- President Cyril Ramaphosa is currently weighing his options when it comes to the path forward for South Africa
- The benefits of extending the current coronavirus lockdown are being measured against the potential economic consequences
- This comes as the World Health Organisation signals that SA can still flatten the curve
President Cyril Ramaphosa has not yet committed to a decision over whether or not the current lockdown will be extended.
News24 spoke to Minister in the Presidency Jackson Mthembu who confirmed that Ramaphosa is making 'serious decisions' over SA's future amid the coronavirus pandemic.
Experts claim that prematurely lifting the lockdown could lead to an increase in infections while economists warn that prolonging the lockdown could cause irreparable damage to the economy.
Mthembu explained that the first task is assessing whether the objectives in the fightback effort have been achieved, namely to 'flatten the infection curve'.
The minister says that, should the matter of extending the lockdown come up, serious decisions will be made:
"The issue of the [lockdown] extension has not yet arisen. If it comes, there will be serious decisions to be made. The National Command Council discusses all recommendations that come before it, and there must be scientific evidence supporting any recommendation from the national joint operational and intelligence structure."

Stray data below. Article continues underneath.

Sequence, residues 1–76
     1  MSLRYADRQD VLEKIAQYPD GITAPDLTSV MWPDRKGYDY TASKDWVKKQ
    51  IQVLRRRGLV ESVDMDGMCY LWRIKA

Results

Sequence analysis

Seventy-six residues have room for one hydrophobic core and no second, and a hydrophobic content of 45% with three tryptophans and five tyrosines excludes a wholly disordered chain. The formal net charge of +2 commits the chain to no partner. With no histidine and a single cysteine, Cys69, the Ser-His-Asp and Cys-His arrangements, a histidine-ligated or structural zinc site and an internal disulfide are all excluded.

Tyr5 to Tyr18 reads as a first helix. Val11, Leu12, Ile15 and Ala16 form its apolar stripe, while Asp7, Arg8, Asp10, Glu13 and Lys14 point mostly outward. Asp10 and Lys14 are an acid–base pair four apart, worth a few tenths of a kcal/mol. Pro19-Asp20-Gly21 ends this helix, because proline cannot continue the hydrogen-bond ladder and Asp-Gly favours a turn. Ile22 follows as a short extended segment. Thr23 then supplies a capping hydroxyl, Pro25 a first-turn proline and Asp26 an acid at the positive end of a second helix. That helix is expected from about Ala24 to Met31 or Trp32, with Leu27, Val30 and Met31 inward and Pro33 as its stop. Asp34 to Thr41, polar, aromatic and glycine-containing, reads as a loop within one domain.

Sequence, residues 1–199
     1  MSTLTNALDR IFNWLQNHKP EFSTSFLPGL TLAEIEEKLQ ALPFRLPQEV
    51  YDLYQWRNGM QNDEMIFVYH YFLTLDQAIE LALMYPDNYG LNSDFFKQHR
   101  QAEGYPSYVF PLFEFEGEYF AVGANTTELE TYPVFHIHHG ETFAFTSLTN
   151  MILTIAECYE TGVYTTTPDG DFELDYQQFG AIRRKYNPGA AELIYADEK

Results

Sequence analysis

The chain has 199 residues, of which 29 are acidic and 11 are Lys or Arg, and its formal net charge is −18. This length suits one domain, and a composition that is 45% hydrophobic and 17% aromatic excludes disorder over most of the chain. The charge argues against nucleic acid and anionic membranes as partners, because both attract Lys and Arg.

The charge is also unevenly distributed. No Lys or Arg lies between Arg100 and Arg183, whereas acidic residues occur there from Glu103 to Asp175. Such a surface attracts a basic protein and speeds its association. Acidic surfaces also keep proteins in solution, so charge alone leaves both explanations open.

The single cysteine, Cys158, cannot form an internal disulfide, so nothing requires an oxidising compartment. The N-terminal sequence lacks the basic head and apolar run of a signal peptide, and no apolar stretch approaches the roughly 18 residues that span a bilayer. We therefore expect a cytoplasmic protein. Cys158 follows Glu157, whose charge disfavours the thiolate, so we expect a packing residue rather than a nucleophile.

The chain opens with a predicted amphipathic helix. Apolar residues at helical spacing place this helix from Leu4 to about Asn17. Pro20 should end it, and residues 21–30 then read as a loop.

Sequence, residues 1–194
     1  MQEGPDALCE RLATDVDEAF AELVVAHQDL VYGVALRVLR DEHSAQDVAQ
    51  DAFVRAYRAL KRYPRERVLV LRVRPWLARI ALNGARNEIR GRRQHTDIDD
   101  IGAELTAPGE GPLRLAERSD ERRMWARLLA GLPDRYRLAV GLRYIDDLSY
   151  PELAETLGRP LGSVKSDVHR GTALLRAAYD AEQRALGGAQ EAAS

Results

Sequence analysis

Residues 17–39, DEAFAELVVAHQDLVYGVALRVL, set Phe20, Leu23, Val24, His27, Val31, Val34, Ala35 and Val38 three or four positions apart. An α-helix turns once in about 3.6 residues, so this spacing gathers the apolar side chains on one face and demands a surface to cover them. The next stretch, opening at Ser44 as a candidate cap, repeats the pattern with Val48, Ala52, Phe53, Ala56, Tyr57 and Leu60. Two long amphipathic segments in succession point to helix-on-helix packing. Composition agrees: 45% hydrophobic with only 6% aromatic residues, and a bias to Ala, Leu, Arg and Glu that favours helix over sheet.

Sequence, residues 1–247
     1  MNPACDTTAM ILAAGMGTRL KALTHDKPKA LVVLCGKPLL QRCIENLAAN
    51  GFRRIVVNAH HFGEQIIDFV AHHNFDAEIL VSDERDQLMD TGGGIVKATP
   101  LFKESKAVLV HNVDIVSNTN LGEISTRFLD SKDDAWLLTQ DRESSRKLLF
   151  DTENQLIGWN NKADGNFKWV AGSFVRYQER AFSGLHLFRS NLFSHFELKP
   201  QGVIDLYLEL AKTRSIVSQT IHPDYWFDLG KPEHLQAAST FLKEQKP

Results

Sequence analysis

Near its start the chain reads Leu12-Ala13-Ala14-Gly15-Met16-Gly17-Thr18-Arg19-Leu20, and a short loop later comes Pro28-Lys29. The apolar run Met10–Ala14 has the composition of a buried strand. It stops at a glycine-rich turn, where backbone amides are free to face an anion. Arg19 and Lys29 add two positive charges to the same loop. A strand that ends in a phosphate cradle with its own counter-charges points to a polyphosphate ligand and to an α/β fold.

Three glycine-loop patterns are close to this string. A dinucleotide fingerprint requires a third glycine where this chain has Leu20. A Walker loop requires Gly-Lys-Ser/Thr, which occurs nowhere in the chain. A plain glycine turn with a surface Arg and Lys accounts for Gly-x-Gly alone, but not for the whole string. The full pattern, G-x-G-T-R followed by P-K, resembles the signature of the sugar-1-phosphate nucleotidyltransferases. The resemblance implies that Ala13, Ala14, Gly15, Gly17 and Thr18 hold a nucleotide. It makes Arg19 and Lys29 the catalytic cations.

Meanwhile, the World Health Organisation has signalled that South Africa could beat this unseen enemy without extending the lockdown.
eNCA reports that spokesperson Dr Margaret Harris encouraged people to continue practising social distancing but felt previous experience will help the continent overcome:
"Africa has an advantage and understands the importance of surveillance. While the rest of the world was taken by surprise, My feeling is Africa is better placed in many ways. It is still relatively early, There is still time to flatten to curve."
Briefly.co.za reported that the latest figures from the Health Ministry noted a 96-case increase to 1 845 confirmed infections, with a total of 18 fatalities noted.
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